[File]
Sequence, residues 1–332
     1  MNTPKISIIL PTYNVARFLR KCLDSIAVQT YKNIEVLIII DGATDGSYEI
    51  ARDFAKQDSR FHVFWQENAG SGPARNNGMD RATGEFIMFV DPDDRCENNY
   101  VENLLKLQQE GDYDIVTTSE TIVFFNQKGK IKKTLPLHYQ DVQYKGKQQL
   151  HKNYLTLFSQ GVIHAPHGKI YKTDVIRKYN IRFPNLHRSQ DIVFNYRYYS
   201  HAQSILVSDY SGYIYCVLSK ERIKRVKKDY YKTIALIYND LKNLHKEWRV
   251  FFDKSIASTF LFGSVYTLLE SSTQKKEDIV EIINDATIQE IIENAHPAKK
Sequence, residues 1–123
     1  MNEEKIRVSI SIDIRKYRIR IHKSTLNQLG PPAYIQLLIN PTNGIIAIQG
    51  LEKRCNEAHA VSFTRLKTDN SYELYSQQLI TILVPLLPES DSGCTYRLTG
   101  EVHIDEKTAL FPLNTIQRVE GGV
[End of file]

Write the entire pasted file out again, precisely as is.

Sequence, residues 1–332
     1  MNTPKISIIL PTYNVARFLR KCLDSIAVQT YKNIEVLIII DGATDGSYEI
    51  ARDFAKQDSR FHVFWQENAG SGPARNNGMD RATGEFIMFV DPDDRCENNY
   101  VENLLKLQQE GDYDIVTTSE TIVFFNQKGK IKKTLPLHYQ DVQYKGKQQL
   151  HKNYLTLFSQ GVIHAPHGKI YKTDVIRKYN IRFPNLHRSQ DIVFNYRYYS
   201  HAQSILVSDY SGYIYCVLSK ERIKRVKKDY YKTIALIYND LKNLHKEWRV
   251  FFDKSIASTF LFGSVYTLLE SSTQKKEDIV EIINDATIQE IIENAHPAKK
Sequence, residues 1–123
     1  MNEEKIRVSI SIDIRKYRIR IHKSTLNQLG PPAYIQLLIN PTNGIIAIQG
    51  LEKRCNEAHA VSFTRLKTDN SYELYSQQLI TILVPLLPES DSGCTYRLTG
   101  EVHIDEKTAL FPLNTIQRVE GGV